A small phantom bereavement

THE WRITER’S LIFE

It’s very difficult to move on when you’re a fish in treacle. Once, I drank myself into the gutter, but I got back up. All depressives have episodic attacks, and my most recent was the longest I’ve known. Now I’m trying to get beyond a few things, but they’re matters guaranteed by their nature to trouble my mind, so it’s more a case of working out how to deal with them while they’ve moved in. When I have few to talk to in physical life, writing is a coping mechanism.

Butzi StageEmily Mann: “When a theater goes dark for the night, a stagehand leaves a lighted lamp on stage… Some old timers say it is to keep the ghosts away. Others say it lights the stage for the ghosts to play. Whichever theory one adheres to, most people agree: A great theater is haunted.” —PHOTO BY PAUL BUTZI

Depression is subjective, and as individual to the person as the character it inhabits. For me, it’s more a feeling I’m about to lose something, than grieving something which is gone. It’s an amplification of the usual anxiety which tells you there’s a shit sandwich in the mail. You don’t know what it is, and often it doesn’t show up, but you know it’s coming. Frustration sets in, and the unknown can become a fear, like all which we don’t understand. I try to look in from the outside to find answers.

There was a time (while I was drunk) when I was more aware than is normal, that my life will inevitably end somewhere. It’s a certainty, it became an obsession, and once there was a voice to constantly remind me. I tried to take my life at least twice, just to shut it up, if living meant having to listen to it every day. I still get the odd anxiety attack from nowhere in particular, but like the cracked actor in my head, those became dark friends for a writer.

If I spent time in my outside surroundings, I have a whole village, with much that might improve life (a park, library, charity shops, coffee shop, pubs, restaurants), but irrational fear keeps me away. It’s a separation anxiety from home, when that’s such a precious commodity, not quite agoraphobia. It’s a constant insecurity.

Buzzfeed recently ran a poll, which asked people which fictional location they’d most like to live in. I’ve used existing fictional homes to shape my own, both in fiction and real life, and my studio is a small version of Matthew Broderick’s room in WarGames, with a bit of Sheldon Cooper and Leonard Hofstadter’s apartment from The Big Bang Theory. It’s the partial basis for Simon Fry’s flat in Cyrus Song, and bits of it are in other stories with parts of me. It’s filled with music and my Savage Cinema film collection, and it’s where my desk is, so it’s life in a box. It’s a box which is both physical and virtual, like one which might house a Schrödinger’s cat.

I thought I had life, the universe and everything tied up, and I do in theory (it’s all to do with quantum entanglement), but sometimes this life reminds you what an arse it can be, before you can move on to the more interesting stuff, once you’re free of your physical body.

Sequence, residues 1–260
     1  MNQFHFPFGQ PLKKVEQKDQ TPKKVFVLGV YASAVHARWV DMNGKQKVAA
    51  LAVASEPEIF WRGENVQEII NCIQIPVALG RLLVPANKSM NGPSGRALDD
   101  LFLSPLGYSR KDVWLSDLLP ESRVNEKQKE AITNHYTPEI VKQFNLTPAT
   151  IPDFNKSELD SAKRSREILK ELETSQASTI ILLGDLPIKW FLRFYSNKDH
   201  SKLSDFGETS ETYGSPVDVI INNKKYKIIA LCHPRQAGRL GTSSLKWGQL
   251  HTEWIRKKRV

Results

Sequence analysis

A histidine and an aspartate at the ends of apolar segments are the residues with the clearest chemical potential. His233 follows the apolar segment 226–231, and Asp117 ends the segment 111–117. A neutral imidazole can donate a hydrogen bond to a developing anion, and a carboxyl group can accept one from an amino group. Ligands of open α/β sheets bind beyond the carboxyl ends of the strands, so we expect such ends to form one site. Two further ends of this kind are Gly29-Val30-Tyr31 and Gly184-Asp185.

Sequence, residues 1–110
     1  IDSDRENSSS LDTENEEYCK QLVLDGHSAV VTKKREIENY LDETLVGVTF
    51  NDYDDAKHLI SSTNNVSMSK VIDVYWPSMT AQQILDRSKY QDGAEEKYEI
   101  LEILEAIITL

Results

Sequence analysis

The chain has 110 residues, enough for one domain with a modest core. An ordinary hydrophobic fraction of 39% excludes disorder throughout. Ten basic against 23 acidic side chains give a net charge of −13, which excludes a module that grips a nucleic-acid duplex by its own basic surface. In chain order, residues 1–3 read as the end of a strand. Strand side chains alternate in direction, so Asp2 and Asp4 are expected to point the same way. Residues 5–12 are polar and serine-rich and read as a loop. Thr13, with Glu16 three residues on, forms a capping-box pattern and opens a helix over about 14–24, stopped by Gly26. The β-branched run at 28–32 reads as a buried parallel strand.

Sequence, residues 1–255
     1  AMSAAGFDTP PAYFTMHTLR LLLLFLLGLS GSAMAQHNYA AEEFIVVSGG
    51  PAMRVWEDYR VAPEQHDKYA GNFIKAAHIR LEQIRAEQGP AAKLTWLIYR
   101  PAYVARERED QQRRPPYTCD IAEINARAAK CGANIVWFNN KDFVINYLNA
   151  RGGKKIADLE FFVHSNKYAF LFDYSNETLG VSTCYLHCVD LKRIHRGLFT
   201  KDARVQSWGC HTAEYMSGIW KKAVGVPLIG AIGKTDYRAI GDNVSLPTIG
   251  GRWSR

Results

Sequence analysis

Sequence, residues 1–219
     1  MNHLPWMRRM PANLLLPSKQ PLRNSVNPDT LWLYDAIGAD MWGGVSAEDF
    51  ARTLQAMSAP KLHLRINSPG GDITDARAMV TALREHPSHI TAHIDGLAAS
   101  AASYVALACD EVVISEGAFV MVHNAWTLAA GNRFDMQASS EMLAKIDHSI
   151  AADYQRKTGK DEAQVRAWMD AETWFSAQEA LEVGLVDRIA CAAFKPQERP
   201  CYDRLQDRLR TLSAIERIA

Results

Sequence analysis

My dad’s recent illness reminded me of the frailty of life. Friendships too, as I’ve lost some, yet gained others.

The youngest of the young people I used to counsel at the squat is just turning 18. The last time we spoke, she was on the threshold of a new relationship. Like all before, I advised caution, as I do with anyone, including myself (the reason I’m resolutely single). There’s someone for everyone, one person can make the difference, and everyone should be allowed to leave their baggage at the door, as I preached at the squat.

They’re all adults now, and hopefully they learned enough from me to not make the same mistakes I did. I’m still friends with one of the others, and it’s been rewarding, to see her settle into life as she’s got older and grown wiser, with help when it was needed. A ghost from the past, who still revisits. 

I continue to write sci-fi, where I imagine future humans (if there can be such a thing; if we can change) as organic-technological hybrids, who’ve transcended current humanity, so that they can resolve issues by understanding and without conflict. All we have to do is step outside ourselves to see a bigger picture, and from there we can be more objective.

I read and learn more about science as it progresses every day, fuelling the fiction author. I write of AI, wondering what it’s like to be human, and humans wishing for all the answers, when those might be in a merging of the two. For as long as I still occupy a physical form, I’ll also haunt computers.

I have many physical ailments pending medical diagnosis, but I fear going to hospital. I need to, as I’m approaching a time when I may have to fight again to prove that my mental health is a disability anyway, as I reapply for Personal Independence Payment (PIP).

I’ve been through the dehumanising process twice, was refused twice and appealed, and both times I took my case to tribunal and won. This time I have physical conditions to add to the list, which might even get me the mobility element of PIP as well as the daily living. It’ll only be based – as it always has been – on what the doctors say, even if government out-sourced assessors think they’re better qualified than a GP and other specialists, and I have to waste more of taxpayers’ money with another tribunal.